Although I never thought I was great at arranging flowers I seem to get by.
Antique yellowware bowl with flowers and small clay version of the Holy Family.
Dining room flowers
A small posy.
For the New Year’s Eve table I was going to try to use dried boughs of magnolia, boxwood, holly, and a few stalks from our Thanksgiving arrangement.
Dried magnolia with a lovely seed head.
To give the dark green leaves a little pizzazz I decided to spray paint some of them silver but apparently I’m out of silver so I tried copper. Not really my color but I gave it a go.
Copper spray paint enhanced magnolia.
Then I arranged the leaves and stems in an oblong crystal bowl with some small blue and green glass ball ornaments.
Could anything look sadder than this arrangement?
Maybe I should surround the angels with a wreath.
Since the table will, no doubt, be overladen with food I decided to go the plus-simple route: a small angel-faced planter and 2 candles.
And I’ll add hurricanes to the candles.
I hope you haven’t stopped by the blog today for creativity.
Plans for New Year’s Eve?
Charlie and I took in a late service on Christmas eve and planned to take it easy on Christmas Day. I was going to hang a couple of framed brass rubbings and maybe wash a window.
I put the arrow over the window which desperately needs cleaning.
There would be only two of us for dinner and we’d have the steaks my sister sent.
My sister also sent a blue Eiffel Tower and peacock ornaments in my blue/green Christmas color scheme.
At 10:30 in the morning our son called to say his plans had changed and they had no dinner arrangements. I asked him, his wife and friend to come to our house. Then I called my best friend to find out if she had plans for dinner. She also was available.
My friend is often the life of the party.
All of a sudden a laid back holiday for two turned into a full-fledged holiday dinner for six. We ate like kings and had lots of good fun and plenty of talk.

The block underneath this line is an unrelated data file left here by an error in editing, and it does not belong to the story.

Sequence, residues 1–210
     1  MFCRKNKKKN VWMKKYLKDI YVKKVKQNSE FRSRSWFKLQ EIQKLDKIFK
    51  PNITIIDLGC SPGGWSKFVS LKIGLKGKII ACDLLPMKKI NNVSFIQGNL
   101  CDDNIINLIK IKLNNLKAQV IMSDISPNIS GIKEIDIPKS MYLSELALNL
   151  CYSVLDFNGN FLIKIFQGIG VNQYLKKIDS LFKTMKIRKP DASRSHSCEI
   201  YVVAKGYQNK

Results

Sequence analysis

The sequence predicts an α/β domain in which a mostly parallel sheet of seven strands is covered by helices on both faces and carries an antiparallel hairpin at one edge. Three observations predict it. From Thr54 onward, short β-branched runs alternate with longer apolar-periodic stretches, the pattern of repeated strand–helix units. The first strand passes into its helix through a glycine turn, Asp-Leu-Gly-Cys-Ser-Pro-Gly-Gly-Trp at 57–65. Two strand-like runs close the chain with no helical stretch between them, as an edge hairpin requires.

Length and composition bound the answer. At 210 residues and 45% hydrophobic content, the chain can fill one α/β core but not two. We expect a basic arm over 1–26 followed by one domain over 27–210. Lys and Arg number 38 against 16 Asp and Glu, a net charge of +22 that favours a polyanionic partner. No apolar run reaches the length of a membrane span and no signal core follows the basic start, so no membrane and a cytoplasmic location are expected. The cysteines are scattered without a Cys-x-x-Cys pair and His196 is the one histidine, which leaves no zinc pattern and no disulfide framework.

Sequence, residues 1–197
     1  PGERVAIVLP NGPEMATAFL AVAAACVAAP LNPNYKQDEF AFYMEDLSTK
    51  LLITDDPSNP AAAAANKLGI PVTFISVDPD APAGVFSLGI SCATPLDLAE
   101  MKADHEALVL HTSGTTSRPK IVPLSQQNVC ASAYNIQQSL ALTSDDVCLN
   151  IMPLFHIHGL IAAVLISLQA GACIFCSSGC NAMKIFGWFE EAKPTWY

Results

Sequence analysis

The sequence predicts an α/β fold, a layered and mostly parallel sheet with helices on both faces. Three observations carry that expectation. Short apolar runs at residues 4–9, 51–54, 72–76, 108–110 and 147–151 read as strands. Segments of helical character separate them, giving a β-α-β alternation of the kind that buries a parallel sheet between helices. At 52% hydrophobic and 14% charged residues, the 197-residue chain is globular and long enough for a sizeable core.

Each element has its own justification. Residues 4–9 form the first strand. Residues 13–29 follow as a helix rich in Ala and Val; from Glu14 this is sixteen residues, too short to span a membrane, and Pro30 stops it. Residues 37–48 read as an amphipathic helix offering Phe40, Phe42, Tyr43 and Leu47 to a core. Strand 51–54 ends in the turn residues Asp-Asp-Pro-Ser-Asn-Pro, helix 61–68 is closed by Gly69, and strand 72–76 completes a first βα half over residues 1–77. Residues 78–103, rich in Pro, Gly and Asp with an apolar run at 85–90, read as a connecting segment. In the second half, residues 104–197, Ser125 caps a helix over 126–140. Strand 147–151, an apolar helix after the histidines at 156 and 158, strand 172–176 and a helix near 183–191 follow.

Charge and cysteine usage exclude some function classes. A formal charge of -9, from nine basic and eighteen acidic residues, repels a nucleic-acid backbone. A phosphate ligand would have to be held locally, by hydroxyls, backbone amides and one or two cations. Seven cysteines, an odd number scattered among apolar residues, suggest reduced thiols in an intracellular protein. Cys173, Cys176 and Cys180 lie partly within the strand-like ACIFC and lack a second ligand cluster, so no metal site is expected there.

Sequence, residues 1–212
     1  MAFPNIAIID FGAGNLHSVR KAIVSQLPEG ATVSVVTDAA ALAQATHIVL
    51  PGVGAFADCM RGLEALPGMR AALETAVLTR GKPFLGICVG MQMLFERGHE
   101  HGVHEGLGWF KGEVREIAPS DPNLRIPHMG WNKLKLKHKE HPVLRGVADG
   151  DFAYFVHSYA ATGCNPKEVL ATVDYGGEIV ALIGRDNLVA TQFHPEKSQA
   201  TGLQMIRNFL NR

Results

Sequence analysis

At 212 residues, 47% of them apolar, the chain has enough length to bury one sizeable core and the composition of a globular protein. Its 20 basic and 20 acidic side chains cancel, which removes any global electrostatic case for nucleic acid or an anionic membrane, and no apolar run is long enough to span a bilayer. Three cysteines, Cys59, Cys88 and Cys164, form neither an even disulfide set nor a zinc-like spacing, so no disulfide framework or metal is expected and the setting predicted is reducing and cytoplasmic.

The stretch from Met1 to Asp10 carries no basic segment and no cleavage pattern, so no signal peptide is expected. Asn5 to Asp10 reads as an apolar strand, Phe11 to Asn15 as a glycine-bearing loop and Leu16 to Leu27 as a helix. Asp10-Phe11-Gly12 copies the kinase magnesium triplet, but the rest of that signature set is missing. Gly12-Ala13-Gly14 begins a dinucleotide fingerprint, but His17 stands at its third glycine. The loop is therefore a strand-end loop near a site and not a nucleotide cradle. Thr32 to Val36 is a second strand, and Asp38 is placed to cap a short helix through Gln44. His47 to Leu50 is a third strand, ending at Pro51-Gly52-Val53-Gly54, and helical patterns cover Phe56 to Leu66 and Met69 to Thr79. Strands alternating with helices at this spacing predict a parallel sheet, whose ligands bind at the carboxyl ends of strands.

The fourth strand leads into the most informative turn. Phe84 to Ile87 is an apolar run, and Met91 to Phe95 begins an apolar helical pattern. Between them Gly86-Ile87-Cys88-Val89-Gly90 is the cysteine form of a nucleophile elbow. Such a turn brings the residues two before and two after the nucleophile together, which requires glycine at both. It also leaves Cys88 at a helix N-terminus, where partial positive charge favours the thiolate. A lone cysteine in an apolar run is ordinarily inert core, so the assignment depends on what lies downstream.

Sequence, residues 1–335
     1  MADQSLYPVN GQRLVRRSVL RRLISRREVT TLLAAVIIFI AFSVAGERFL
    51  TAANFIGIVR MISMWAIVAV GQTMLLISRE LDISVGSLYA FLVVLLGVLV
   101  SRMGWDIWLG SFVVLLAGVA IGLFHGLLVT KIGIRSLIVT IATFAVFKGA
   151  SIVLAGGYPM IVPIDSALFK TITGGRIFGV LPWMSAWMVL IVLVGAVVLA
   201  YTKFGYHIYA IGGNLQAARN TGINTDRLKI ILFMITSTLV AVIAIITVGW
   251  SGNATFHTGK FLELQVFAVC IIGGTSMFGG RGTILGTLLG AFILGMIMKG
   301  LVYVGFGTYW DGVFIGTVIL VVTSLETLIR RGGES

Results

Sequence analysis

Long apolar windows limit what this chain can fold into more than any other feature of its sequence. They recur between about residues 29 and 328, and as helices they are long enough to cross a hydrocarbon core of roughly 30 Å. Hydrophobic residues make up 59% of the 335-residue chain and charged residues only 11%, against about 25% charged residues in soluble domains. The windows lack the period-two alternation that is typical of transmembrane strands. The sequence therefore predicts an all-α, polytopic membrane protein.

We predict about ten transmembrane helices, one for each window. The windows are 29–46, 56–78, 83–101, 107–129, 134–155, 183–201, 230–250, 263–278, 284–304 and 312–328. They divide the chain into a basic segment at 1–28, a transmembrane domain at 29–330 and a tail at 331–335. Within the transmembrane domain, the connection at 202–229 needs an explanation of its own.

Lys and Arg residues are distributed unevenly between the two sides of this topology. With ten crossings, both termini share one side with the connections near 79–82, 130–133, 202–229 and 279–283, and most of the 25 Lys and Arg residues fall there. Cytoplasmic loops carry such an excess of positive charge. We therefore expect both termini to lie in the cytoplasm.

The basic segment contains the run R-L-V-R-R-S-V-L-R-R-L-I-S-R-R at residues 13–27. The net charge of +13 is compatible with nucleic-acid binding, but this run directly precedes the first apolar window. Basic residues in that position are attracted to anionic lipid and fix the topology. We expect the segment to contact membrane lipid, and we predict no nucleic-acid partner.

A full freezer is a boon for spontaneous dinner party.
I can only say how grateful I was for a fridge full of food and a freezer full of steaks.
Even though red was not in my Christmas repertoire this year I made an exception for the dinner table.
I asked Charlie to get his grandmother’s Christmas dishes from the attic and we set the table with a vintage green and red tablecloth and Spode Christmas Tree dishes.
Christmas Tree by Spode
The impromptu menu was as follows:
- Filet mignon and New York strip steaks
- Candied sweet potatoes
- Mashed potatoes
- Broccoli with cheese sauce
- Hot rolls
We ate so much that cappuccini and chocolate truffles were sufficient for dessert.
Did you have a big meal? What was your favorite dish?
My son couldn’t find Pumpkin Pie Spice coffee creamer at the grocery store. So popular I guess they can’t keep it in stock.
Making the creamer at home took about 10 minutes.
Carrie at Deliciously Organic solved our problem with a simple homemade recipe.
The ingredients in pumpkin pie spice: 1 t cinnamon, 1/2 t nutmeg, 1/2 t ginger, 1/4 t cloves.
First I mix up my own pumpkin pie spice.
A little goes along way but this is a delicious mixture.
Then on to the creamer recipe:
1 cup whole milk
1 cup heavy cream
3 tablespoons pureed pumpkin
1 teaspoon pumpkin spice
4 tablespoons maple syrup
1 teaspoon vanilla extract
Whisk together milk, cream, pumpkin, pumpkin spice, and maple syrup in a medium saucepan over medium heat. When mixture begins to steam, remove from the heat and stir in the vanilla extract. Strain through a fine mesh sieve, pour into a glass bottle and store in the refrigerator. Makes 1 pint.
I tried straining through a coffee filter but it didn’t work. I just poured it through a mesh strainer.
Hope everyone enjoys it.
Have you switched from store-bought to homemade on a favorite product?